Christine: Hey, what are you doing on Saturday?
Me: Probably studying… why?
Christine: Wanna do this crazy competition that’s sort of like the Amazing Race instead? I have a Groupon!
Me: (weighing the choice between being a good med student and enjoying a Boston adventure…) Sure!
Running around Boston looking for clues in the sunshine (and even the rain) is a much better way to spend a Saturday afternoon than cooped up in a library studying. I needed a mental health
break weekend, and I sure filled my time with some not-so-studious adventures!
The Great Urban Race is based on the show the Amazing Race, in which teams of two go around the world on a giant scavenger hunt and complete crazy tasks at each stop to get their next clue. We didn’t quite make it around the world, but we did manage to walk 7 miles through all of Cambridge and Boston. Want to take a work or study break yourself? Read below for a recap of our adventure!
The race began in Government Center, where we registered, picked up our bibs and T-shirts, and people-watched to see some outrageous costumes. Since we were last-minute participants, we sported jeans and gray tank tops as “uniforms”, but a lot of people went all out. We saw Reno 911! cops (complete with short shorts), the Flintstones, cops and robbers, a science nerd couple, and many other unique duos. At exactly noon, they handed out the red envelope with our clues. We sat on the steps of Government Center for about 10 minutes, deciphering the riddles and strategizing to come up with a game plan. After figuring out the location of about 8 of the 11 clues, we took off for the Red Line to head to Harvard Sq.
CLUE #5: It’s better when you mix things up. Unscramble the following letters and make your way to this hidden gem where environmentally conscious tactics and amazing treats fuse together. Though there are mobile locations as well, head to the headquarters to enjoy a delicious race refreshment. Return to the finish line with a photo of all teammates posing in front of the infamous giant whiteboard as proof of completion. LECVOR OFOD ABL
Easy one! Clover Food Lab, of course, headquartered on Mt. Holyoke St. in Harvard Square! They served us some delicious cinnamon lemonade, which was a great relief from the hot sun.
CLUE #3: Only here would you find Tom Brady updating his Facebook status while Sarah Palin texts Lady Gage and Drew Faust on her iPhone. Make your way to this Harvard landmark, opened in 1960, where you’ll always find a celebrity – even if it’s only on the menu. Take a picture of all teammates in front of the location’s sign, featuring the signature top hat as proof of completion.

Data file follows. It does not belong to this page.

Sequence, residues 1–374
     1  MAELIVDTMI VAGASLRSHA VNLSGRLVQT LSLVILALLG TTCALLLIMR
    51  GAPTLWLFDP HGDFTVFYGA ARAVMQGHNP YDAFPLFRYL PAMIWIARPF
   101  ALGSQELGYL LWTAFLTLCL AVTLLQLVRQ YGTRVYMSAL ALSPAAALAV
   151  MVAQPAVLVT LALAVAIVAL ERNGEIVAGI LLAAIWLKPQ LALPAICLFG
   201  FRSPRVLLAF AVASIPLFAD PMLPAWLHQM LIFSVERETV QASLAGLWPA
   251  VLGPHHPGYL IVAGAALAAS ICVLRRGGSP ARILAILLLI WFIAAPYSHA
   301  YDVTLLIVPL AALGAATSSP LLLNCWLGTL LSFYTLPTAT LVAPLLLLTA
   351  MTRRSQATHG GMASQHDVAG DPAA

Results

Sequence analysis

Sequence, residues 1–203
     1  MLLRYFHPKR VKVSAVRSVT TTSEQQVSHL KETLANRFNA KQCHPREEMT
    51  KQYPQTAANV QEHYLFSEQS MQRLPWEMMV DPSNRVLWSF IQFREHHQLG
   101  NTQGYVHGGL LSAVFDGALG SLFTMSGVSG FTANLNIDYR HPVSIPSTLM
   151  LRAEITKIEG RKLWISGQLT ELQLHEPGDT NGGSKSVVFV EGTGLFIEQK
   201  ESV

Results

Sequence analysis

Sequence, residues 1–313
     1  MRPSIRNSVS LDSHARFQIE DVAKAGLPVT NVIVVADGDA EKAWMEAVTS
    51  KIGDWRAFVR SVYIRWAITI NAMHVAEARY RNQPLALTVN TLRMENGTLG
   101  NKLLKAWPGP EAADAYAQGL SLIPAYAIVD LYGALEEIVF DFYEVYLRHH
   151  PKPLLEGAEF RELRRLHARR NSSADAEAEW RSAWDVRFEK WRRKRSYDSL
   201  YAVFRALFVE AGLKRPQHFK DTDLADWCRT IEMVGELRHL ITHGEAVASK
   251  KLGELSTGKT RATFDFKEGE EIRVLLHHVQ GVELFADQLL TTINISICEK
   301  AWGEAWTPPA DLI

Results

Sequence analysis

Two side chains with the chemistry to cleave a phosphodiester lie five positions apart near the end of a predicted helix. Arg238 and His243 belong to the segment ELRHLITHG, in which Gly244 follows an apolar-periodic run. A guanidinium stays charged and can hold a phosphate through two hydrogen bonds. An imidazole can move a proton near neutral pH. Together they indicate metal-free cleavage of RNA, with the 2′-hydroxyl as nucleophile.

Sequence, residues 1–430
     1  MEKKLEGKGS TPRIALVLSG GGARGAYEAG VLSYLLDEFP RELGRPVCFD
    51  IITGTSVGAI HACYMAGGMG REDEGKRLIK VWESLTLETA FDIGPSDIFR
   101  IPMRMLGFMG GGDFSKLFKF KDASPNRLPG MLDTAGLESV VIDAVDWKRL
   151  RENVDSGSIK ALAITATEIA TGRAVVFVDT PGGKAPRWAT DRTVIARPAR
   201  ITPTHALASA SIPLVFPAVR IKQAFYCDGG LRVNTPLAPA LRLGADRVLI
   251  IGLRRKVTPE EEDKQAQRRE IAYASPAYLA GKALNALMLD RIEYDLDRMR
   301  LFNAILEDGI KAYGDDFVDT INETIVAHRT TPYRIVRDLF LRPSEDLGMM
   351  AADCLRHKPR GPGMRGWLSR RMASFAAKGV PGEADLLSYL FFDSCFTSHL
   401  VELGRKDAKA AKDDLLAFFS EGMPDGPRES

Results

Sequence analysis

Gotta give credit to Christine’s friend Ev and Katie (aka Team Flower Power) on this one… the famous Bartley’s Burgers. I had no idea! Leave it to an ex-veg to have no idea where the good burger places in Boston are.
CLUE 7: Solve the below equation to determine the numerical name of this coffeehouse on Mass Ave. Upon arrival, locate the two posters, determine the three differences in the pictures, and fill in the blanks below with the differences you have discovered. With staff approval, return to the finish line with the correct answers and flyer provided as proof of completion.
No need for math. What other coffee shop in Boston has a numerical name besides the 1369 Coffee House in Central Square? Christine managed to find all three of the differences, and I completed a matching game about how to make different coffee shop drinks. Never thought my year of Panera barista experience would come in handy again!
CLUE 1: Mrs. Reynolds is odd. She likes balloons but not parties. She likes books but doesn’t like reading. She likes letters but not words. She likes noodles but she doesn’t like pasta sauce. She likes apples but she doesn’t like plums. She likes coffee but not tea. According to the pattern in the riddle above, take a picture of all teammates in front of a street sign that Mrs. Renyolds would like as proof of completion.